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NBCSports.com’s Dan Feldman is grading every team’s offseason based on where the team stands now relative to its position entering the offseason. A ‘C’ means a team is in similar standing, with notches up or down from there.

There’s a fine line between a young team building chemistry while growing and a team that has stalled.

The Wizards appeared to cross that threshold last season.

For just the second time in seven years, Washington’s record didn’t improve from the previous year. Also for the just the second time in five years, the Wizards didn’t reach the second round.

The last time both happened, they fired coach Randy Wittman. They didn’t dump Scott Brooks this year. With his contract, he’s entrenched.

But they did shake up the roster with a few moves that carry the potential to help Washington escape this muck or backfire in spectacular fashion. For a team that has become so uninspiring, the risk should be welcome.

Trade Marcin Gortat for Austin Rivers? Sure. Perimeter talent comes at a premium. Bigs are more easily replaceable.

Sign Dwight Howard? Sure. For all his foibles, Howard remains an elite rebounder, high-quality interior defender and helpful pick-and-roller. The taxpayer mid-level exception is a bargain for a starter of his caliber.

Sign Jeff Green? Sure. He’s coming off a career year, as he finally better understands how he can – and more importantly, can’t – contribute to winning. A minimum salary suits him.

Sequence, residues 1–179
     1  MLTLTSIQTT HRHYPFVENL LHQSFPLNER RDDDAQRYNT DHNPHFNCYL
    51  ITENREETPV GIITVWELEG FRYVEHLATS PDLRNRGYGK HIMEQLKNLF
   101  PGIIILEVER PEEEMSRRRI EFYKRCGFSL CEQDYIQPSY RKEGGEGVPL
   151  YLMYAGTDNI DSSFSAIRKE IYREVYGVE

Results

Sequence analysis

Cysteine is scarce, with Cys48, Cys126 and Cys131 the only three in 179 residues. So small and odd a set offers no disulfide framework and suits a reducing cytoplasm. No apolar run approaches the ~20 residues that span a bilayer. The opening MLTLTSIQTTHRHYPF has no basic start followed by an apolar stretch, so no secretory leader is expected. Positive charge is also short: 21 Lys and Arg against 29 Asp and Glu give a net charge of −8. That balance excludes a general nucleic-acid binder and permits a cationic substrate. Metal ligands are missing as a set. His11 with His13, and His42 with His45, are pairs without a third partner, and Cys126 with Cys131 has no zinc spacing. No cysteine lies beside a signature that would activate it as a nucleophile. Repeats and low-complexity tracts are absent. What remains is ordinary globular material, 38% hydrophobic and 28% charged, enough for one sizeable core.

Howard and Rivers particularly certainly add personalities to a locker room with John Wall and Bradley Beal. But Wall and Gortat already clashed. How much worse could it be with Howard? Rivers will get along better with teammates when his dad isn’t coach, and he has become more self-aware. (The same can’t necessarily be said about Howard.)

These are manageable issues relative to what Washington could have faced.

Credit Wizards owner Ted Leonsis for hanging above the luxury-tax line. After paying the tax for the first time in franchise history last season and not getting even a single playoff-series victory, he could have rushed to trim salary. Trading the No. 15 pick – instead used on Troy Brown Jr. – to unload a bad contract would have been quite typical for this franchise.

This doesn’t mean Leonsis will keep spending big forever. Next summer looks like a possible a breaking point if Washington doesn’t produce this season.

Starting power forward Markieff Morris and promising but inconsistent forward Kelly Oubre Jr. will become free agents. Wall’s super-max extension will kick in. Otto Porter, Beal and Ian Mahinmi will remain on massive deals.

Unless they’re far more willing to spend than understood, the Wizards would be wise to get out ahead of an even more daunting luxury-tax crunch. Just letting Morris and/or Oubre walk would be disappointing.

But there’s still time for a preemptive solution. It didn’t have to happen this offseason.

I’m not certain the Wizards will be better this year. But in a summer they appeared likely to take a step back, they gave themselves a real chance to be better. This was the right time to invite variance, and Washington did it shrewdly.

Offseason grade: B-